The Italian shoe manufacturer Sidi has been making high-quality mountain bike shoes for decades. Many years ago they helped set a performance standard by which all other cross-country mountain bike shoes would be judged. In 2017, Sidi still produces some of the most popular shoes on the market, and the Cape falls roughly in the middle of their range of shoes by price. A slightly toned-down version of their $500 Drako shoe, the $300 Cape still has the look, features, and performance that will please all the but the most discerning of XC racers in a less expensive package. That said, the Sidi Cape is at the high end of the price range of the shoes in our test selection. The Cape excels at XC style riding, gravel grinding, and road riding and will likely please many riders out there, but we found it to be pretty one-dimensional compared to other shoes in this test, especially for the price.
Sidi Cape Review
Compare prices at 2 resellers Pros: Solid closures, quality construction, stiff soles
Cons: Expensive, thin footbeds, noisy uppers, poor walking performance
Compare to Similar Products
Our Analysis and Test Results
The Cape is a purpose-built XC race shoe with the performance and features that we have come to expect from Sidi. We found the Cape to be best suited for its intended purpose of XC style riding and could easily double as a gravel grinding or road biking shoe. The Cape works fine with all clipless mountain bike pedals but performs best with small platform pedals such as the Shimano XTR M9120 Trail, or those with no platform such as the Crank Brothers Eggbeater 3. We put the performance of these shoes to the test on a variety of rides from post-race recovery gravel grinds to adventurous XC trail rides of various lengths.
Overall comfort is one of the main areas where we thought the Cape was lacking, especially when compared to the other shoes in the test. Our first impression started the moment we pulled the shiny black, almost patent leather looking, shoes from the box and we noticed the classic XC race shoe styling that Sidi is known for. That visual impression carries over to the fit and feel of the shoes which, despite the fancy looking cable and ratchet strap closures, and the flashy shine of the uppers, is very bare bones and no-nonsense. The stiff nylon "Competition Sole" offers very little flex in the toe and virtually none underfoot and accepts toe spikes that are sold separately. This stiff sole is covered with a traditional footboard and a wafer-thin footbed that provides very little in the way of arch support or cushioning. If these shoes were ours, one of the first things we would do is replace the footbeds. Comparable shoes in this price range and our test selection, such as the Giro Empire VR90 and the Pearl Izumi X-Project PRO, provide far superior customizable footbeds with their shoes.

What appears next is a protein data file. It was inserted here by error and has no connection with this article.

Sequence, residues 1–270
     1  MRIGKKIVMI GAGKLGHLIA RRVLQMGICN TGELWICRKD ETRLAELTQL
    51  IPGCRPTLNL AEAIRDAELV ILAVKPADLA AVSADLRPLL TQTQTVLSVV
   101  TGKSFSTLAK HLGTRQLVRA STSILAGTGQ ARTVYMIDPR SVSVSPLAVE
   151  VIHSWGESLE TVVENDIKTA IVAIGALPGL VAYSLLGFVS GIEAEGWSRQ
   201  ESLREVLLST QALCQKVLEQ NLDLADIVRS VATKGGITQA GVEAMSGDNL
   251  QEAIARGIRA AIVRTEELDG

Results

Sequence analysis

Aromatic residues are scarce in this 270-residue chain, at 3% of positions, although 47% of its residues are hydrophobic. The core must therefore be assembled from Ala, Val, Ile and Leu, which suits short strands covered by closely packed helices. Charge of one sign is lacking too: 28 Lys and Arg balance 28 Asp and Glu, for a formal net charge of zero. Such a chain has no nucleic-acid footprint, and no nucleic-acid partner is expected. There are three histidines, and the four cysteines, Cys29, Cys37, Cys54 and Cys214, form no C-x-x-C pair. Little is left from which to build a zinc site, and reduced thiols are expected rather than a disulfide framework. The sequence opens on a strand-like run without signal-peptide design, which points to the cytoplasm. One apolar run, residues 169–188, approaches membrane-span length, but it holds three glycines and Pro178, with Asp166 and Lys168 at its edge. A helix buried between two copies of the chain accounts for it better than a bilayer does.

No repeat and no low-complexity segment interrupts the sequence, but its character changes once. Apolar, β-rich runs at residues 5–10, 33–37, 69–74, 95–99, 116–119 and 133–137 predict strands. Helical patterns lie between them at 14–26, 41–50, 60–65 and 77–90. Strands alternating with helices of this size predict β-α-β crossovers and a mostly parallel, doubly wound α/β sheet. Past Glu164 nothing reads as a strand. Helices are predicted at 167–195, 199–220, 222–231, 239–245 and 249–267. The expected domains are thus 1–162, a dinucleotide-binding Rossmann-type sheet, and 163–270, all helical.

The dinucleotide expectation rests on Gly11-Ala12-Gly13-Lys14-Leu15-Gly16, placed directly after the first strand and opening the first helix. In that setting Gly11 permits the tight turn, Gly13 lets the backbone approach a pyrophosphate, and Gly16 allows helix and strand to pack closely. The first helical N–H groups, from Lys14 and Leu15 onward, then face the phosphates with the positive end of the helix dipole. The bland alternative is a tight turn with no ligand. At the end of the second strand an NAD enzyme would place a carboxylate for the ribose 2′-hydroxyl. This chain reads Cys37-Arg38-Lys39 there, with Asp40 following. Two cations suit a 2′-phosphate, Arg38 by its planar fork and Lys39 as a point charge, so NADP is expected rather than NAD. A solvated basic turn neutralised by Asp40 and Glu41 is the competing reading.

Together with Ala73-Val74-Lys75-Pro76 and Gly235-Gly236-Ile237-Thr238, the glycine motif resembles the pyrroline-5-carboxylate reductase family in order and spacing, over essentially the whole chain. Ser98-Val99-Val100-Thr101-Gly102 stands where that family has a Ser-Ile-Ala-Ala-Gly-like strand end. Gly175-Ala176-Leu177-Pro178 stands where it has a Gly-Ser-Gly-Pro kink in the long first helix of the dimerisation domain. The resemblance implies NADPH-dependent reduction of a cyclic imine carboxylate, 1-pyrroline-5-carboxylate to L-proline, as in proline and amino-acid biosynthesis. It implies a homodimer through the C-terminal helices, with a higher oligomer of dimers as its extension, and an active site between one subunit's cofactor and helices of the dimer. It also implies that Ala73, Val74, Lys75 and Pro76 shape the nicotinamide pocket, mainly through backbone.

There is minimal padding throughout the majority of the shoe, with a little bit added under the tongue and around the upper part of the ankle cuff and heel pocket. A molded plastic heel cup provides shape and serious protection for that part of the foot. The Cape offers little protection for strikes to the foot on the inside or the outside near the pinky toe. We found the synthetic leather material of the uppers to feel very supple in the hands yet somehow it seemed oddly non-conforming on the feet. We also found the upper material to make a squeaking noise if any parts of it moved on itself. The shoes have very little ventilation, just a few small holes, and that was noticeable while riding for hours in black shoes in the hot California sun.
The closures consist of a single Sidi Tecno 3 Boa style cable closure that crisscrosses over the lower part of the foot and a wide ratcheting strap that they refer to as the "soft instep closure system" that is adjustable from both sides at the upper part of the tongue. The closures are robust and work flawlessly. However, one of our testers experienced consistent uncomfortable pressure on his tendons at the top of the tongue caused by the wide ratcheting strap, regardless of the tightness. The cleat mount area provides a good range of adjustability for most riders, although people who slam their cleats as far back as possible may be left wanting for more adjustment.